Israeli politics wins — thanks to coronavirus

Bittier political rivals Benjamin Netanyahu (L) and Benny Grantz (R) joins hands in forming national unity government. (File photo)

Imagine, in the 2019 poll, the BJP-led alliance led by Narendra Modi just fell short of securing an absolute majority and despite all the super genius of the party to do horse trading, a majority still remained elusive by just one vote, following which President Ram Nath Kovind most reluctantly called upon Rahul Gandhi to try his luck, which the Congress leader did with aplomb by moving heaven and earth to cobble together a majority with support of all and sundry — including the All-India Majlis-e-Ittehadul Muslimeen led by Asaduddin Owaisi — and almost succeeded in his shenanigans, but only to develop gnawing second thoughts at the penultimate hour about the absurdity of it all and decided instead to accept a standing offer from Modi to form a national unity government of the BJP and Congress with a power-sharing formula that would give them both a rotating chance to be PM. 

Outlandish? Yes, of course. Well, this is broadly what is happening in Israeli politics last night. (In many ways, arguably, Israeli mainstream politics bears striking similarity with India’s.) 

A breathtaking scenario has sailed into view whereby Israeli Prime Minister Benjamin Netanyahu’s chief rival through three consecutive unproductive election cycles, Benny Gantz announced last night after a whirlwind week of desperate politicking — when he even toyed with the idea of getting the support of the Arab List — that his centrist party faction would join the right-wing Likud coalition to form a new national unity government.  

Gantz has been performing theatrically on the political stage in a no-holds-barred campaign against Netanyahu (ostensibly on corruption) that even took on the hues of a visceral personal antipathy. But he has explained away the volte-face saying that his commitment to Israel’s interests comes first, which in turn demands that the country should have a national unity government as it battles against the unprecedented coronavirus pandemic! 

Gantz could have had any number of alibis, but he wisely chose coronavirus. It not necessarily an alibi, either. In reality, Israel is indeed battling with its back against the wall as the figure of infected citizens is nearing 2700 and eight people have died — heavy loss for a small country 8.7 million population. Even the spy agency Mossad has been put into service to secretly procure corona test kits and ventilators from abroad.  

According to the Faustian deal, Netanyahu will serve as prime minister for 18 months before handing the premiership as part of a rotation to Gantz, who will serve under Netanyahu as deputy prime minister and defense minister for the first 18 months, and then become prime minister in September 2021. 

The new coalition will likely have 75 seats in the 120-member Knesset — a rock solid majority that will put behind for the near term the nagging political instability. 

Gantz’s dramatic compromise has jolted not only Israel’s political system and public but also split his own Blue and White Party. The dissenters have laid claim to the party’s official name and will sit in opposition. But Gantz is unperturbed: “This is not the time for fighting and splits. This is the time for responsible statesmanship, patriotism and leadership.”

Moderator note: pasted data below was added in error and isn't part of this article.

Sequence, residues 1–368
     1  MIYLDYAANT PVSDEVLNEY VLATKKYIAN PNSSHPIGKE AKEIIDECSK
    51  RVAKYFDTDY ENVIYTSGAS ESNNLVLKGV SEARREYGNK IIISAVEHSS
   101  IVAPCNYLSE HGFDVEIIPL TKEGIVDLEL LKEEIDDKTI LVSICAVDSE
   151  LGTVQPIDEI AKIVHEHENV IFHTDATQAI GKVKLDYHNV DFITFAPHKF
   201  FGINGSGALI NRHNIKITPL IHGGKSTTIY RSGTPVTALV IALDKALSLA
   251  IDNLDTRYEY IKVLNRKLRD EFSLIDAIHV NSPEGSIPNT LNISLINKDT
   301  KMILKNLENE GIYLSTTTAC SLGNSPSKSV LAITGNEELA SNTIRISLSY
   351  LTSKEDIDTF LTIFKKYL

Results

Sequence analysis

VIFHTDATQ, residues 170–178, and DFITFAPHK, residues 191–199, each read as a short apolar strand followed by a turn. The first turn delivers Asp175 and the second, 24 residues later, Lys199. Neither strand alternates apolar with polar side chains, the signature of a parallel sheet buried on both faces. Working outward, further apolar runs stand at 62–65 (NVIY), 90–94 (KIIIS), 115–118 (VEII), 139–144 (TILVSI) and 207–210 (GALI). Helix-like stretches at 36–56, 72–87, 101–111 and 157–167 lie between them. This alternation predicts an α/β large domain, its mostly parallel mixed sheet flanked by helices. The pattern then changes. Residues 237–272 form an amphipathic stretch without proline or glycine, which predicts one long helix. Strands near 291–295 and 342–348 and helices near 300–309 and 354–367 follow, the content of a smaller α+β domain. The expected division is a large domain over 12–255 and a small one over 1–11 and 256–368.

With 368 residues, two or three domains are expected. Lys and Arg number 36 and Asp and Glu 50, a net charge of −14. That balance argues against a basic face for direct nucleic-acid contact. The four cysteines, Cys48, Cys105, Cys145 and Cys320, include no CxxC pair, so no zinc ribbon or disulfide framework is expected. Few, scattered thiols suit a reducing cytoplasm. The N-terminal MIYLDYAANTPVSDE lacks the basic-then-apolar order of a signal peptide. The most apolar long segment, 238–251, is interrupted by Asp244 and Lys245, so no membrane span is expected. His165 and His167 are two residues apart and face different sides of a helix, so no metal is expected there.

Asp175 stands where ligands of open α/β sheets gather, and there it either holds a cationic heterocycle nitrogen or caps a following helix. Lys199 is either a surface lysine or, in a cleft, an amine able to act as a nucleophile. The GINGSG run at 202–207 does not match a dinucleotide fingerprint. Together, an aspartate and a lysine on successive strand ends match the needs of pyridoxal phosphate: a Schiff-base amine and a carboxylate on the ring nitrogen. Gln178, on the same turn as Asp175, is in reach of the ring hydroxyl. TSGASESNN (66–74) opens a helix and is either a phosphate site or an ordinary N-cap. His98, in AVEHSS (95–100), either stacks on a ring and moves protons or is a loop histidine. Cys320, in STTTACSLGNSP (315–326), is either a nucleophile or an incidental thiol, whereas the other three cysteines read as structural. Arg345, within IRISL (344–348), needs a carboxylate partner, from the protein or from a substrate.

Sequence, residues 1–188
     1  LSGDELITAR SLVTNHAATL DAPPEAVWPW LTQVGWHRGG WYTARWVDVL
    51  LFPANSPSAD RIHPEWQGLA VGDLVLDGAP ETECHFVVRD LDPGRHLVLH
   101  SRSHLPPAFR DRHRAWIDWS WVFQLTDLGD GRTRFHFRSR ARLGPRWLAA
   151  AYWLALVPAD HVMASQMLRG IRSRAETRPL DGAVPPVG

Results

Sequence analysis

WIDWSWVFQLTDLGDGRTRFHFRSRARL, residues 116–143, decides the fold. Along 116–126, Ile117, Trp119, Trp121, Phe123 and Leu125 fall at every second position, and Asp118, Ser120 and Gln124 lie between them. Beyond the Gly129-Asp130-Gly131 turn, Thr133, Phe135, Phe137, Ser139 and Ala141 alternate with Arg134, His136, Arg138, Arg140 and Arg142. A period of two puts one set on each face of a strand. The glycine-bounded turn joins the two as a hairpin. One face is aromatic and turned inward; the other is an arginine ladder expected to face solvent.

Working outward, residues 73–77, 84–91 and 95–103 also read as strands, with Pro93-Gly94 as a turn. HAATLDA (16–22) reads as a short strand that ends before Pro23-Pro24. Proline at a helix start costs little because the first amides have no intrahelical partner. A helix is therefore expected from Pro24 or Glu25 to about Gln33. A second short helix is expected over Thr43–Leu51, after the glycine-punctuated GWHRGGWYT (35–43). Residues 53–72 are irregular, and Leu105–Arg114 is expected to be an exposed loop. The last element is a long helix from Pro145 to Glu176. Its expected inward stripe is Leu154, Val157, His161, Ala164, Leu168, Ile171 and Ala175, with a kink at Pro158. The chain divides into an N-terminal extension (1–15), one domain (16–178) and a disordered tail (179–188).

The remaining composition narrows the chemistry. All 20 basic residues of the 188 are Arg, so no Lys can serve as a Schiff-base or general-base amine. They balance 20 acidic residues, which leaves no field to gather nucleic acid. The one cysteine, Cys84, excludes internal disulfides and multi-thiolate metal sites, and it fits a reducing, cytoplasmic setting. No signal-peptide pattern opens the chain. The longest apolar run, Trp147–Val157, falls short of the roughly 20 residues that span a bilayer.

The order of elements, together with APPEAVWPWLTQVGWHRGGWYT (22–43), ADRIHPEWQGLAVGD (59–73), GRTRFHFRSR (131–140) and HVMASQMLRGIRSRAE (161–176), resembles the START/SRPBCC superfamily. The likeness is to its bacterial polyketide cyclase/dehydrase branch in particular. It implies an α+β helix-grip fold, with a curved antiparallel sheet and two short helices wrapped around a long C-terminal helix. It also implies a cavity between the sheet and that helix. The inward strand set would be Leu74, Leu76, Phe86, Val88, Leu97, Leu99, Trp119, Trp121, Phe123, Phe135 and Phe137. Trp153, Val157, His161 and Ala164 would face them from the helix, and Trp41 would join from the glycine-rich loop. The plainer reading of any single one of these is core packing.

But an erstwhile party colleague and Knesset member Yair Lapid scoffed at Grantz: “Corona is not a permit to give up on our values.” There isn’t really much difference between Netanyahu and Grantz in their political outlook. Grantz earlier served under PM Netanyahu as Israel’s army chief and on core national security issues such as Gaza and Hamas or Syria and Lebanon, there is no daylight between them. 

In a way, this opens a window of opportunity for Netanyahu to reduce his heavy dependence on minuscule far-right coalition partners who often played larger-than-life roles in setting the national agenda — such as the Soviet-born Avigdor Lieberman’s ultra-nationalist right-wing political party Yisrael Beiteinu. 

There was always been a tantalising question: ‘Who is the real Netanyahu?’ There is one school of thought which insisted that he is quintessentially a pragmatist who does grandstanding to take radical stances while navigating dissimilar interest groups and political forces comprising his coalition. 

If so, he now gets a splendid opportunity to break out of the siege and come on his own. For Netanyahu personally, the vista now opens to avoid a near-certain prison term (on corruption charges) that awaits him unless he enjoys parliamentary immunity from prosecution. The desperation in his overture to Grantz was self-evident: “Benny Gantz, … We both know that the gaps between us are small, and we can overcome them. Let’s meet now and establish a unity government. I am waiting for you.”

There is no contradiction between Netanyahu and Grantz and no major shifts need be expected in the Israeli regional policies (such as toward Iran) or its harsh policies toward Palestinians, which are driven by national consensus.

Nonetheless, Netanyahu’s return to the centre stage of Middle East politics after a prolonged hibernation due to the stalemate in domestic politics will be keenly felt in several theatres ranging from Syria and Lebanon to Iran and Saudi Arabia. Israel will be returning with a bang onto the regional geopolitical landscape that is ravaged by coronavirus, with its existential enemy Iran much devastated and weakened and its covert ally Saudi Arabia in quarantine and in disarray.